2. Scale and Accessibility
The second big change is the way that your code is scaled. For example, you might be used to parallelising slow code so that you can make use of all available threads; however, in our new world, if you do that, you may actually be making it harder for your cloud platform of choice to scale your code.
Because you pay per minute of computing time (typically this is more expensive than storage), code that is unnecessarily slow or inefficient may not cause your system to slow down - what it will probably do is to cost you more money to run it at the same speed.
In some cases, you might find it’s more efficient to do the opposite of what you have thus-far believed to be accepted industry best practice. For example, it may prove more cost efficient to de-normalise data that you need to access.
This isn’t exactly new: you should always have been logging in your programs - it’s just common sense. However, there’s a new emphasis here: you’re not running this on your own server (you’re not even running it on a customer’s server) - it’s somebody else’s. That means that if it crashes, there’s a limited amount of investigation that you can do. As a result, you need to log profusely.
4. Microservices and Message Busses
IMHO, there are two reason why the Microservice architecture has become so popular in the cloud world: it’s easy - that is, spinning up a new Azure function endpoint takes minutes.
Secondly, it’s more scaleable. Microservices make your code more scaleable because it’s easy for the cloud provider to instantiate two instances of your program, and then three, and then a million. If your program does one small thing, then only that small thing needs to be instantiated. If your program does twenty different things, it can still scale, but it’ll cost more, because it will require more processing power.
Finally, instead of simply calling the service that you need, there is now the option to place a message on a queue; apart from separating your program into definable responsibility sectors, this means that, when your cloud provider of choice scales your service out, all the instances can pick up a message and deal with it.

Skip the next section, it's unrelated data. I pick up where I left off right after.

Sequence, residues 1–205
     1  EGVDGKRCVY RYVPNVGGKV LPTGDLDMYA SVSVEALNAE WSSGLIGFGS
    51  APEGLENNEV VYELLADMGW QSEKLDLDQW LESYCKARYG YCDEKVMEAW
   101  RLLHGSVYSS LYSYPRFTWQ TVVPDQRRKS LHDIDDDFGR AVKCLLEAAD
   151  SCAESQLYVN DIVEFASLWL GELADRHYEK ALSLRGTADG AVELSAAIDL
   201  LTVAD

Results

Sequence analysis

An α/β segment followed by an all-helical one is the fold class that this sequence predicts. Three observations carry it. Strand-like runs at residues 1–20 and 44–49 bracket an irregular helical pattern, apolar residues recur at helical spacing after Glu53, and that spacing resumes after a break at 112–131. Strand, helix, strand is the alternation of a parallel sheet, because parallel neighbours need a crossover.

So, what’s the conclusion: is cloud computing good, or bad? In five years time, the idea that someone in your organisation will know the spec of the machine your business critical application is running on seems a little far-fetched. The days of having a trusted server that has a load of hugely important stuff on, but nobody really knows what, and has been running since 1973 are numbered.
Obviously, there’s a price to pay for everything. In the case of the cloud, it’s complexity - not of the code, and not really of the combined system, but typically you are introducing dozens of moving parts to a system. If you decide to segregate your database, you might find that you have several databases, tens, or even hundreds of independent processes and endpoints, you could even spread that across multiple cloud providers. It’s not that hard to lose track of where these pieces are living and what they are doing.
* If you don’t get this reference then you’re probably under 30.
** Clearly this is an opinion piece.